"Now it was the governor's custom at the Feast to release a prisoner chosen by the crowd. At that time they had a notorious prisoner, called Barabbas. So when the crowd had gathered, Pilate asked them, 'Which one do you want me to release to you: Barabbas, or Jesus who is called Christ?'" Matthew 27:15-17
The decision seems obvious, huh? An innocent man or a notorious prisoner. The elders and chief priests knew the charges they had against Jesus were false. They knew, and Pilate knew, that envy was the motivation for the prosecution of Jesus. Yet, it was the elders and chief priests who persuaded the crowd to ask for Barabbas to be released.
We are terrible decision makers. When given an obvious choice we choose the one that will lead to our death much of the time or, at best, the one that is less good for us.
Sometimes we choose death over life. We hear the Gospel presented and choose not to buy in. We hear that cigarettes will kill us and then light up. We know that sin is dangerous but we partake. We are awful choosers.
We also are bad decision makers because we often ask for less than what we can get. If someone told you that you were as a sinner and you deserve Hell because of that, what would you ask God for? Forgiveness? A chance to make it up to Him? A less horrible Hell? Those are things I would think to ask God for if I knew what the stakes were. Yet, God made the decision for us. We don't have to ask for forgiveness because God offered it before we asked. And on top of that God gives us adoption into His family, the right to rule in the New Heaven and New Earth, He gives us complete victory over future sins instead of simply forgiveness from past sins, He wipes away all the bad we should get and gives us all the good we don't deserve. Thank God that He set up the deal and not us because we would have gotten less... a lot less.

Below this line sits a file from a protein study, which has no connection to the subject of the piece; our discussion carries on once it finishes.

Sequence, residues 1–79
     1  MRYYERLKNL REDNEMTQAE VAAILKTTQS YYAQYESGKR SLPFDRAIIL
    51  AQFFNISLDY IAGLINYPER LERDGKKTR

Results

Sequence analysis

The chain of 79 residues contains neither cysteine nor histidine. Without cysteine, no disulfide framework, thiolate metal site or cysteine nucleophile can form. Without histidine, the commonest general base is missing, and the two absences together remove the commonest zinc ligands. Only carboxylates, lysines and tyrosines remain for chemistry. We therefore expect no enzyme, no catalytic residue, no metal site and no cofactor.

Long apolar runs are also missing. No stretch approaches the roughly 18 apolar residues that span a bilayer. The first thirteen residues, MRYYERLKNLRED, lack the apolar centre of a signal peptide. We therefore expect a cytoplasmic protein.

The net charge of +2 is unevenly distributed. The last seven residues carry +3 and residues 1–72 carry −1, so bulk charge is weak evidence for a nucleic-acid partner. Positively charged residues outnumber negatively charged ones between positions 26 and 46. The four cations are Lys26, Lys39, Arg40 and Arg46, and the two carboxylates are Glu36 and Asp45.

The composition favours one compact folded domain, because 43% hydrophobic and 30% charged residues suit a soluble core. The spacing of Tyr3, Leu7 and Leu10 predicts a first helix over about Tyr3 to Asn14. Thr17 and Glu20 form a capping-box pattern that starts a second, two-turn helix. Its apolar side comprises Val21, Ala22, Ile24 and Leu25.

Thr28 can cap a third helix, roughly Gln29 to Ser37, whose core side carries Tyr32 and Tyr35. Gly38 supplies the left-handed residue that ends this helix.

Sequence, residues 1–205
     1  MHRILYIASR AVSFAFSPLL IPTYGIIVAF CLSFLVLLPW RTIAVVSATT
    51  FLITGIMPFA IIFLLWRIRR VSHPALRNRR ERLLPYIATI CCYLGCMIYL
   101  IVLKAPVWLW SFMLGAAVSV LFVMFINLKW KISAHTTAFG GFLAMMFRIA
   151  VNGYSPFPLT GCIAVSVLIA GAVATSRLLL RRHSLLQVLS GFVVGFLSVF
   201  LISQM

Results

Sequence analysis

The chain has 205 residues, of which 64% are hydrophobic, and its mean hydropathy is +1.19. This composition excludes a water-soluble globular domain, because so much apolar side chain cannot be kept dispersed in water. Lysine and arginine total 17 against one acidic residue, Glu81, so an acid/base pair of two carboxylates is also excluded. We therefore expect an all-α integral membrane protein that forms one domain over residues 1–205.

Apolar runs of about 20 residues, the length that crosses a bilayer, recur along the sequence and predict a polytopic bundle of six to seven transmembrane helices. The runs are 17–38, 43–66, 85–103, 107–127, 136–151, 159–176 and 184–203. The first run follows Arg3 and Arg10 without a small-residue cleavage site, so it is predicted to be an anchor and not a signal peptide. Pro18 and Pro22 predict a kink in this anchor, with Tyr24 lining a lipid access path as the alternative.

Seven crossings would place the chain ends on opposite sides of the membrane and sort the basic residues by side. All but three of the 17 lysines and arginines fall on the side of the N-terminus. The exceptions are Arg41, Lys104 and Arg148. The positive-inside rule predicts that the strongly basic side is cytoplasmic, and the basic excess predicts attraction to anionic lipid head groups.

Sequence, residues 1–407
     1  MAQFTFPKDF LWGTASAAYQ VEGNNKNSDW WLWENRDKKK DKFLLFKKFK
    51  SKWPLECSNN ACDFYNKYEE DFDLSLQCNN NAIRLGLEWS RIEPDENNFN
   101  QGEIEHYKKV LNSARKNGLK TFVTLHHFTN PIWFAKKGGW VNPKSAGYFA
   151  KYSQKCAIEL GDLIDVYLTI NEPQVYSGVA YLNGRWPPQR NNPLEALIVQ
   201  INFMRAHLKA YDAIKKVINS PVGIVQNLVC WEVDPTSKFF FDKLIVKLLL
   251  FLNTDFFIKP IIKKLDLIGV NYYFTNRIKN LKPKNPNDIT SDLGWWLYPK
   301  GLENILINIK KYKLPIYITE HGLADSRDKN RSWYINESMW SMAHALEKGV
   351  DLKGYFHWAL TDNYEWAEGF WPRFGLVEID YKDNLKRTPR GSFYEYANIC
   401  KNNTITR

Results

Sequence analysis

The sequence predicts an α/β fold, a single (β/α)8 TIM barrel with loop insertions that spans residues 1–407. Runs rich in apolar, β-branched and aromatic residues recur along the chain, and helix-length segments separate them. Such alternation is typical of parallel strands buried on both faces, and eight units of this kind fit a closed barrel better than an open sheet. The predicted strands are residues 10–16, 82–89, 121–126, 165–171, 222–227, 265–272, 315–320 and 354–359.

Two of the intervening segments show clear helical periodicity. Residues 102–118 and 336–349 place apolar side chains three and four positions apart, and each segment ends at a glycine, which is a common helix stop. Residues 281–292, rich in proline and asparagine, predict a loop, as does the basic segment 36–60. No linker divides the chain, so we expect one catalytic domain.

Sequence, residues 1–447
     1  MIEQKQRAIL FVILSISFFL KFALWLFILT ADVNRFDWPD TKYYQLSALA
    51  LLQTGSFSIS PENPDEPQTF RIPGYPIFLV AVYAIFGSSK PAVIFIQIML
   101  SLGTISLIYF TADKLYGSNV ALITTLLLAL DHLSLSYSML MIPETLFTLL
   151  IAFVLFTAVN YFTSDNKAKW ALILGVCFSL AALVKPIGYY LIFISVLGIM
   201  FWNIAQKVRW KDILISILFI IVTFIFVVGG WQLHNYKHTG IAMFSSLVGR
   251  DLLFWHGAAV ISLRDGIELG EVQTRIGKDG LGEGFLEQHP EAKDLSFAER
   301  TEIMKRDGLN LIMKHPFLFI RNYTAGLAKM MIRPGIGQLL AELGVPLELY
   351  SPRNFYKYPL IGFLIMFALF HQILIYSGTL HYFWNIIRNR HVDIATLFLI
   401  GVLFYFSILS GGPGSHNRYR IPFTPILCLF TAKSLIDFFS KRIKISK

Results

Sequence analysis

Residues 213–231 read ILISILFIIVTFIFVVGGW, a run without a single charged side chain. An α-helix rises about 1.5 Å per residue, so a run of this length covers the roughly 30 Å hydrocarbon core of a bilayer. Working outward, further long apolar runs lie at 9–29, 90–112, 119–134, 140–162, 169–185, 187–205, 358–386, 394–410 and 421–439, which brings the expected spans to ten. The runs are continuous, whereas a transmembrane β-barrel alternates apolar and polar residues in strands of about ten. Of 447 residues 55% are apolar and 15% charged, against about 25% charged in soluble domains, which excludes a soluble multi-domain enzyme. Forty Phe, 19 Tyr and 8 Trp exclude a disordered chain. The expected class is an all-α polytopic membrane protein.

Think of the Parable of the Unforgiving Debtor in Matthew 18:21-35. The man owed an outrageously, un-payable amount of money. The man didn't ask for total loan forgiveness. No, he asked for more time to pay back the loan and was offered total forgiveness. See, we wouldn't ask for the kind of good God can give. We are bad decision makers and need God to make the decision for us.
In 2 Kings chapters 18 and 19 King Hezekiah was facing an enormous foe. The super-power of the day, Assyria, was headed to Jerusalem to wipe the king and his people out. Now, what would you pray for if you were Hezekiah? I would pray for limited casualties in victory or even in defeat. I would pray that God would give me a military strategy to defeat the mighty Assyrian army.
Here's what God did, because He had bigger and better plans.
"That night the angel of the LORD went out and put to death 185,000 men in the Assyrian camp. When the people got up the next morning there were all the dead bodies! So Sennacherib king of Assyria broke camp and withdrew." 2 Kings 19:35-36a
Rather than giving Hezekiah limited casualties in a victory, which would have been amazing for little Judah versus huge Assyria, God went and did all the work Himself and no one perished on Judah's side. God the war Himself in a night. When God makes the decision and we don't, good things happen.
With all that in mind here was the Gospel verse I found in my reading of Psalms this week.
"He chose our inheritance for us" Psalm 47:4a
God chose our inheritance for us. See, we wouldn't choose what God chose for us. We can't imagine the good God has for us. We would under ask when He is graciously eager to extravagantly give. God chose the blessings offered in the Gospel. Thank God!
On our own we choose Barabbas instead of Jesus. On our own we choose solutions that won't work instead of the for sure Gospel. On our own we choose crumbs when Christ is ready with a feast. Thank God that He choose our inheritance for us today.